Memo: THE USDA BEATS THIS DEAD MULE OVER AND OVER. They just won’t quit! All government programs are about expanding government and increasing tax-trampling of the citizens. This proposal has been soundly trounced by cattle producers every few years since the early 2000s. It is glossed-over and repackaged at NAIS, ADT, and new names of this old dastardly enforcement.

Unnecessary: The USA has the most cautious livestock producers, with less disease than any country on earth. No livestock producer is asking the government for help in identifying their own cattle. They already know how to ID their cattle. Not needed at all.

Cost: The added cost to large livestock producers is from $6 to $15 per animal. The cost to small producers for pins, applicators, computer entry, etc., will be $25 to $75 per calf. In an industry fighting for their lives, $15 more cost per critter is asinine. Multiply the uselessness considering all cattle are identified by their owners already — no extra cost is wanted or needed.

Follow The Money: Large ear pin/tag companies are “buying” USDA. If USDA makes electronic pins the law, billions will be made by the major companies. It is not about disease — not about identification — it is not that livestock owners want it — it is about the government jobs and ear tag company’s profits.

Who Wants What: In every comment or listening process USDA and APHIS has conducted (every 2 years) the huge majority of livestock producers soundly reject the increased cost involved, with no value return. Livestock producers are getting so tired of USDA shoving this down our throats over and over…. tired…. tired…….tired.

Call to Action: One more time, tell USDA in their public comments, on line, that we don’t want this. We don’t need this again, and again. DD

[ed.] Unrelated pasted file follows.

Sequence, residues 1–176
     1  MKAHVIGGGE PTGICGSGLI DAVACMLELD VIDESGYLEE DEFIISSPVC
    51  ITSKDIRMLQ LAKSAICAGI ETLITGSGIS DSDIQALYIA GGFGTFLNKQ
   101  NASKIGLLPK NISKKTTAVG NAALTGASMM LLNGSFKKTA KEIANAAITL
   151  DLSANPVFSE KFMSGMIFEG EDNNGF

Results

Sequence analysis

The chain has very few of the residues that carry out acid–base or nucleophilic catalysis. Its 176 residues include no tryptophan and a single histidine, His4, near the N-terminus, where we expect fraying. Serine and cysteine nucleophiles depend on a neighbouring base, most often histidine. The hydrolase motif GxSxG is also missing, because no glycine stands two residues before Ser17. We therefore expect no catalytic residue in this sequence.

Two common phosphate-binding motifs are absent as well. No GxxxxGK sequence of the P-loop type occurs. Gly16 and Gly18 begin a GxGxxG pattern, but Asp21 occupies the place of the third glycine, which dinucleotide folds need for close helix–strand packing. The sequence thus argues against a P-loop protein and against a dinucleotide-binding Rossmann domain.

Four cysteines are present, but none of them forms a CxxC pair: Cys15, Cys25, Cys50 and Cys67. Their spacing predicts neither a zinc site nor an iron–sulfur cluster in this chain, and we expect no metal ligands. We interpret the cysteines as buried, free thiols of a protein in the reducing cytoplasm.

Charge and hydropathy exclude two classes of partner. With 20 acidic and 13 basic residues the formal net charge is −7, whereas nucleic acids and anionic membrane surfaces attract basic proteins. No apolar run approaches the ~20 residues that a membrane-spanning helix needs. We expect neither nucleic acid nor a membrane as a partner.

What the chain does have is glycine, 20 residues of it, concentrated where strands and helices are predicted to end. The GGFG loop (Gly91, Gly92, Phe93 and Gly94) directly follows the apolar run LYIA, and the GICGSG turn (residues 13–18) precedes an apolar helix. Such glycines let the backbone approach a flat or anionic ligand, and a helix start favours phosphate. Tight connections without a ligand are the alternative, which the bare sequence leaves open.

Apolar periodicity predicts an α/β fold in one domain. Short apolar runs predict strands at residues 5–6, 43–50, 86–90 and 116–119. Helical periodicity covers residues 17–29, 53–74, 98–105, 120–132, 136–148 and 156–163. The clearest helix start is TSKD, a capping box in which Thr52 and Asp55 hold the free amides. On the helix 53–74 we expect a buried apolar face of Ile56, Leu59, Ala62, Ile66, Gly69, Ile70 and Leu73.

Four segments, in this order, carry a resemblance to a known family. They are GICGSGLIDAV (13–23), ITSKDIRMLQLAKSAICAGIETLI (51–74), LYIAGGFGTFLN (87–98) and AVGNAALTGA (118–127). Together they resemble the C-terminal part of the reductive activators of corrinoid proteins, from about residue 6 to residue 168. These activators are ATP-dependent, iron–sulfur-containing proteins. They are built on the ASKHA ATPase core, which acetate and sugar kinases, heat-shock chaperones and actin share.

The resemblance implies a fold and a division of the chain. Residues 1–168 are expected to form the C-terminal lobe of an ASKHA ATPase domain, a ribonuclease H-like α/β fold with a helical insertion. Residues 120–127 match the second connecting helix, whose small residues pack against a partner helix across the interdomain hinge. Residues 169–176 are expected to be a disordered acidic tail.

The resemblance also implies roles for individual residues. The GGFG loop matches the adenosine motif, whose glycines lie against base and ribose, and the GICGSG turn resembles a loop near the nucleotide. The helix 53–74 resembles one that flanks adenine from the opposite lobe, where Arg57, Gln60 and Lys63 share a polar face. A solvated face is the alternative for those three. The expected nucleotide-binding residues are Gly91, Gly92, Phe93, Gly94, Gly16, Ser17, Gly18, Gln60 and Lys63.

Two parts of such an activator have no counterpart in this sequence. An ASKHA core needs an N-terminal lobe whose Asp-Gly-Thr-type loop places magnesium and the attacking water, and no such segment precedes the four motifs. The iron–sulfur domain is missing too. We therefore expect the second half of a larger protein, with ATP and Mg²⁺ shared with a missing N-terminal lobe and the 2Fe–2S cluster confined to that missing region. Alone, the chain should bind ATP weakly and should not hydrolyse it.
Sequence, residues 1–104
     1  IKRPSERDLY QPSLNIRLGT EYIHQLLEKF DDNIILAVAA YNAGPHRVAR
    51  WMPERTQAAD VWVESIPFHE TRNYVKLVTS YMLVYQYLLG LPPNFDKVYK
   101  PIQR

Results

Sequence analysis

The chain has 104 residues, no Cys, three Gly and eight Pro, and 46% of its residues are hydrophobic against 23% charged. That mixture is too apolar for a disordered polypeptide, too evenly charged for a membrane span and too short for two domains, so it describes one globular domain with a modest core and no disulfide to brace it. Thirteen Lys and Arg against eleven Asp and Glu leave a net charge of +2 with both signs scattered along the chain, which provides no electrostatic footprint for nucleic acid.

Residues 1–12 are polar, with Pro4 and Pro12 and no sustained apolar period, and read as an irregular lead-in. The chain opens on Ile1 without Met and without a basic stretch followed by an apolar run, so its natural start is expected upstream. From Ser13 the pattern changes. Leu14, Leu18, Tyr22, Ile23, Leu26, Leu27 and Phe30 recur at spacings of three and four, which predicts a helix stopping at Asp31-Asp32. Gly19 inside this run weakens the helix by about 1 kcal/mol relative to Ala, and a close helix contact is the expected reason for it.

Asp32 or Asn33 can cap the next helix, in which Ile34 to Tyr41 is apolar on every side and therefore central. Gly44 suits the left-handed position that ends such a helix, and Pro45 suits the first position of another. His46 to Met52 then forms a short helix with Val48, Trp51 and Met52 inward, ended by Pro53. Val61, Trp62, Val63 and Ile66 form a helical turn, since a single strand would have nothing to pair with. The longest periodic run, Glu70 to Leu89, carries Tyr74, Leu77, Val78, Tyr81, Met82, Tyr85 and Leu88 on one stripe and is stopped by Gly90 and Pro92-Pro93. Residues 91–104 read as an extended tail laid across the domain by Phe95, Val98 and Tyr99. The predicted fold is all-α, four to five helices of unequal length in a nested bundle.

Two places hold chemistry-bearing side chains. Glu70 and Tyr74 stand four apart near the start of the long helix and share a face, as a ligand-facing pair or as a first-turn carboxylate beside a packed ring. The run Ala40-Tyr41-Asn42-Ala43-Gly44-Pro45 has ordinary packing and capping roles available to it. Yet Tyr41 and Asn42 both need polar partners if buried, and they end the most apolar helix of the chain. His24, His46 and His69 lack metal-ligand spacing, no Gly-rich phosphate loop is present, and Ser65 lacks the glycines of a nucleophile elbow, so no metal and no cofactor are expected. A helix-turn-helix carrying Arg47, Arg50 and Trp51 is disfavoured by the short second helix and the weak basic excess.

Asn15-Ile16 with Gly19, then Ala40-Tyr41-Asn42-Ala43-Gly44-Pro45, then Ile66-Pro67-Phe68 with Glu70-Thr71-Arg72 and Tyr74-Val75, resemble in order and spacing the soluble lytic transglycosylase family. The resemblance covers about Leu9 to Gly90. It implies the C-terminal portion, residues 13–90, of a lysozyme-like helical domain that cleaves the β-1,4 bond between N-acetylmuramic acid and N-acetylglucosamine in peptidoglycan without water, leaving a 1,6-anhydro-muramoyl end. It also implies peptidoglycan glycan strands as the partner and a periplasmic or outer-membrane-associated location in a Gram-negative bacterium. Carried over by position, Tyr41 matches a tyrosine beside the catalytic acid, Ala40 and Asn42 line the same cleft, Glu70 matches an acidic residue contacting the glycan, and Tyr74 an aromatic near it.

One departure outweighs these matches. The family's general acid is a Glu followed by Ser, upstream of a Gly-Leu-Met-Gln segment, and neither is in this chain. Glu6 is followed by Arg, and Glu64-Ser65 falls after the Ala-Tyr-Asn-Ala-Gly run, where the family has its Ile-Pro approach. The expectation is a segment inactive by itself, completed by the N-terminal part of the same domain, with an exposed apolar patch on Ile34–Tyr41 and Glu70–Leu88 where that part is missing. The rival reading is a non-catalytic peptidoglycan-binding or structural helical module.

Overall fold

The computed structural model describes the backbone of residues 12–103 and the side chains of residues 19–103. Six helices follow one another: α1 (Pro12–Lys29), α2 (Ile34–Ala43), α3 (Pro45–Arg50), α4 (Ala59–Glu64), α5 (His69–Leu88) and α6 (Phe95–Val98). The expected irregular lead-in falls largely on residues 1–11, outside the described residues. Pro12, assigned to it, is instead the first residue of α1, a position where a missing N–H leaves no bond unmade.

The U.S. Department of Agriculture’s (USDA) Animal and Plant Health Inspection Service (APHIS) is seeking public comment on a proposal where APHIS would only approve Radio Frequency Identification (RFID) as the official eartag for use in interstate movement of cattle that are required to be identified by the traceability regulations.

An official eartag is defined as an identification tag approved by APHIS that bears an official identification number for individual animals. Regulations allow APHIS to approve tags that can be used as official identification, and both metal and RFID tags are current options.

A transition to RFID tags would support APHIS’ ongoing efforts to increase animal disease traceability by more accurately and rapidly allowing animal health officials to know where affected and at-risk animals are located. While this would not prevent disease outbreaks, it would allow animal health officials to more quickly contain outbreaks early before they can do substantial damage to the U.S. cattle industry.

APHIS is also seeking comment on a proposed timeline for implementation, which the agency would use if this transition occurs. The timeline would make RFID tags the only option for use in cattle and bison requiring official identification on January 1, 2023. APHIS would “grandfather in” animals that have metal tags already in place on that date – their metal tags would serve as official identification for the remainder of their lifespan.

This transition timeline would not alter the existing regulations. The cattle and bison that must be identified will not change, nor will the option for animal health officials in shipping and receiving states to agree to accept alternate forms of identification, including brands and tattoos, in lieu of official identification.

Public comments will be accepted through October 5, 2020 at the following site: https://www.federalregister.gov/d/2020-14463. After reviewing all comments, APHIS will publish a follow up Federal Register notice. This notice will respond to any such comments, announce our decision whether to only approve RFID tags as the only official identification devices for cattle, and, if so, provide the timeline for such a transition.